7 Hot Tips for Termite Pest Control Equipment and Planning
There’s an old joke about teenagers eating you through house and home, with termites, though, it’s no joke. They can literally eat right through your house requiring it to be demolished in the interest of safety. There are several tips you should keep in mind when preparing against termite infestation, including considerations of termite poison, termite tenting and general awareness about pest control and pest control equipment. Here are 7 hot tips to help you be better prepared for the termites.
Termite Pest Control Equipment and Planning
1. Reduce Moisture: A good way to prevent termite infestation is to reduce moisture. The termites love moisture and need it to thrive. If you want to get a leg up on them, make sure you’re not making your property an inviting habitat. Any crawl spaces under your home should be lined with polyethylene. This material will be a house saver by creating a moisture barrier between the soil and your home. Another important consideration is that there is good cross ventilation in the wall vents. This is important because it keeps the wood dry. You should also seal all exposed wood with weather sealer. Areas that people often neglect are window seals and the edges of walls. If you don’t find those overlooked areas, the termites will! Another good idea is to trim bushes growing against the side of your house. Those bushes can contribute to the development of mold and moisture in the wood. Finally, it is a god idea to place sand barriers under fences, patios, and stairs.
2. Pre-Treat Your Soil: Another good preventive measure is to pre-treat the soil prior to beginning to build. There are barriers that can be built beneath your foundation so that the wood and soil never come in contact. These solutions are expensive, but try to keep in mind how much money it would save if it protected you from having to demolition your house! Such pre-treatment is also a pretty strong re-sell feature. So it is definitely a good investment.
3. Finding a Professional to Pre-Treat: Considering both the cost and what’s at stake, follow the sound rules for finding someone to provide this service. First, look for a service provider with an excellent reputation and preferably accredited with a third-party consumer protection organisation such as the Better Business Bureau. Make sure that the company is licensed, insured, and bonded, and also ask for references. Getting referrals from friends and family is always a good way to start.
4. Pre-Treatment is Structure Specific: And keep in mind, every structure you build on your property requires its own pre-treatment. Having treated for the house gives you no protection five years later when you decide to build a cabana by the pool.
5. Annual Inspection: It’s probably a good idea even if your property has been pre-treated, but essential if it hasn’t been; every year inspect your home for termites. If you notice mud tubes on the walls of your home, do not scrape them off, call an exterminator! You likely have termites and it is vitally important to take action immediately. You might also see winged termites flying outside. They are sometimes mistaken for flying ants. Exterminators can confirm whether or not you have a termite problem.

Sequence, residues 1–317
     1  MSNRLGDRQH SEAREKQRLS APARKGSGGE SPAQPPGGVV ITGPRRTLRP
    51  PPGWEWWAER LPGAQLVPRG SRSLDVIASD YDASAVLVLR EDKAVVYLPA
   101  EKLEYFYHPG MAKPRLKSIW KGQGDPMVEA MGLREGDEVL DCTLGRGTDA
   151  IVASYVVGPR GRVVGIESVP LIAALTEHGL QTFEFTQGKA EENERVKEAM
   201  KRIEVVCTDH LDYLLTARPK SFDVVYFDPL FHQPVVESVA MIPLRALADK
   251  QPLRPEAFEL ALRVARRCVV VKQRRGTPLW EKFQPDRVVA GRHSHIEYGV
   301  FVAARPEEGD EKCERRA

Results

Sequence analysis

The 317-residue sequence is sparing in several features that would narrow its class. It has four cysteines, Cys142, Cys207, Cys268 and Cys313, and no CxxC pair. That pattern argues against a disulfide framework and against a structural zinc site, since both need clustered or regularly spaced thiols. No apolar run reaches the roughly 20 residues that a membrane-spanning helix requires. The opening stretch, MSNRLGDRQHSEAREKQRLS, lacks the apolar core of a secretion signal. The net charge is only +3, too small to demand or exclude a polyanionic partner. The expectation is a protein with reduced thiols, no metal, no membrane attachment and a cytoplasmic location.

6. Termite Tenting: If you do have termites, you’ll want to exterminate fast. Termite tenting, or fumigation, involves the complete covering of your home with a sealed, nylon tent, then filling the tent with a poisonous gas. This process normally takes one or two days, during which time the house is totally sealed off. It will be necessary to make alternate accommodation arrangements for this time period. The fumigant, termite poison, usually Vikane (sulfuryl fluoride), is colorless, odorless and leaves no residue, but left long enough, it will penetrate into the pours of wood, killing resident termites.
7. Termite Tenting Preparation: A safe extermination using tenting includes removal of all pets, fish tanks and bowls, and all living plants from the house. Foodstuffs and medicinals must be sealed in special plastic bags. These special bags will often be provided by the exterminator. Alternately, of course, such items can be removed from the house. Often, also, special treatment is required for mattresses or pillows.
Finally, here are some products that can provide valuable ad hoc termite solutions.
Keeps termites away up to 5 years in areas treated! It kills termites (including subterranean), carpenter ants, carpenter bees, wood infesting beetles and other wood destroying insects. For product features and details, see here.
This is a half gallon, concentrate, termite and carpenter ant control, 13.3% Permethrin. It makes 12 gallons of finished product, usable for indoor and outdoor applications. For product features and details, see here.
This package of Termite Prufe powder covers 200 square feet. One pound of powder mixes with water to make 1 gallon of odorless and clear solution. Termite Prufe solution can be applied with paint brush or roller. Garden tank sprayer works best for attics, crawl spaces, decks, fences, logs and new construction. Applications can also be made by drilling approximately 1/4-inch holes and injecting solution into wood or wall voids. For product features and details, see here.
Hope these 7 tips for termite pest control equipment and planning gives you the termite solutions you need to protect your home.